I was threatened inpatient treatment on a couple of occasions. I knew that I couldn’t stop on my own. I knew I needed help, but I was terrified of being inpatient. The fear was one that was drilled into my head by the stigma around mental illness. I realize now that it wouldn’t have been the worst thing that could have happened. It may have been something to start my recovery sooner. The fear to go inpatient did give me the push to start keeping appointments, though.
I don’t know how to explain any of this to anyone who has never been there themselves. It is hard to explain something to someone who has never experienced it themselves.
I did develop a support system. There are many people in my life who made some very hard decisions. It may have been uncomfortable to listen to my rants, but I thank every one of you who ever let me cry on your shoulders. There were many texts and phone calls late at night, and sometimes even at two or three o’clock in the morning. There were people who made the decision to inform others of things I said to them in confidence.
I was upset for a while, and in some cases there was bitterness and hatred at first, but I thank you for doing the right thing. There are many people who played a part in my recovery. In fact, every last person in my life played some part. No matter if that part was big or small, it was enormously important either way. Certain people made gestures just to make me feel accepted, loved and supported. You believe these small acts were insignificant, but in reality those are the things that helped save my life.
It helped the most just to know that I wasn’t alone. I was never the only person in the world going through what I was going through. There were so many people who opened up about their own struggles to help me through what I was struggling with. I realized that there were so many other people in my life who had dealt with the same problems I was fighting against.
We were all fighting the same battle. It was not only a battle against our illnesses and the darkness inside of us, but a battle against ourselves. We were all learning alongside each other how to love not only each other, but how to love ourselves again. We learned together how to trust in God again and give it all over to Him. To these people, I extend the biggest thanks, for those were the ones who made small gestures just to help me feel that I wasn’t alone. I believe that made the biggest impact on my recovery. That is why I am now telling my own story so publicly now.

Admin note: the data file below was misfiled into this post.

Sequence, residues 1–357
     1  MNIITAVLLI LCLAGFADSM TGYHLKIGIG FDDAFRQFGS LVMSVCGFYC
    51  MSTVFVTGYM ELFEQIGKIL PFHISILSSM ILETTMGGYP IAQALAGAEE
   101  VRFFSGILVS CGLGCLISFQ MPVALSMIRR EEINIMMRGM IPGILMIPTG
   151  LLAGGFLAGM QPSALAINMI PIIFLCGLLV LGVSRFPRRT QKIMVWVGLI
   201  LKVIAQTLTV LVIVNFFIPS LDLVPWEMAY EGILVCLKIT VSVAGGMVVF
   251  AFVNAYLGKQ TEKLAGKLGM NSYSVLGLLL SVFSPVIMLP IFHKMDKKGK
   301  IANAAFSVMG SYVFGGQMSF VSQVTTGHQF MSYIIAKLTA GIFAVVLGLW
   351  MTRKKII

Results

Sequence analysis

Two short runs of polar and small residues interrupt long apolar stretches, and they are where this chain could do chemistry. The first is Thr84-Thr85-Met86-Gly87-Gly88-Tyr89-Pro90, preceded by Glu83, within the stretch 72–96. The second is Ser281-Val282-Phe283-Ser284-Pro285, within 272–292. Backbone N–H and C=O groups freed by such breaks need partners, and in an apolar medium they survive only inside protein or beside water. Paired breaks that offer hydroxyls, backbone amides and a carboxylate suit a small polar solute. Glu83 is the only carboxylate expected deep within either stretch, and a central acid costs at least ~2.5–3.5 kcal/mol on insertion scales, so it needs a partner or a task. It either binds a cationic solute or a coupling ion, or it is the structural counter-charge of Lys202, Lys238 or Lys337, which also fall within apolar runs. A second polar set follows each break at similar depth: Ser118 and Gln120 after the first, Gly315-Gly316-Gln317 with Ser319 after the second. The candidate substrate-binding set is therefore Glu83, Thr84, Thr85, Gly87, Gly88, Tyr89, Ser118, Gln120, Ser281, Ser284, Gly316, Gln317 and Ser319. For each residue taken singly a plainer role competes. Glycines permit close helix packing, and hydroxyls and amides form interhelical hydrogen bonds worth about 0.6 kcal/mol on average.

I believe that everything that happens in our life, even if it is something that may have been avoided, can be used for good. Every negative can become a positive. We can use our stories and struggles to help someone else who might be struggling, even just by telling our story and letting them know that there are others out there who are going through the same things. We all need to know that we are not alone.
Honestly, I believe that recovery is an ongoing thing. It never ends. Recovery is about learning and strengthening healing. We never stop learning. We can always become stronger. We will always be able to heal our hurts, which come repeatedly in life. We are human. We all make mistakes. I know that I will fall down. I will make mistakes. I may slip in the future, scrap my knee, so to speak. I don’t have to stay down, though. I get back up and keep marching and fighting on the offensive in this journey of recovery and finding myself.
And I pray that God would use me as a tool in someone else’s journey and recovery as well.
My name is Jasmine.
I am not perfect.
I have Tourette Syndrome and OCD.
I fight a daily struggle against depression and anxiety.
I am a recovering self-injurer.
I am human.
I am a child of God.
My name is Jasmine,
and I am thankful for all these things listed.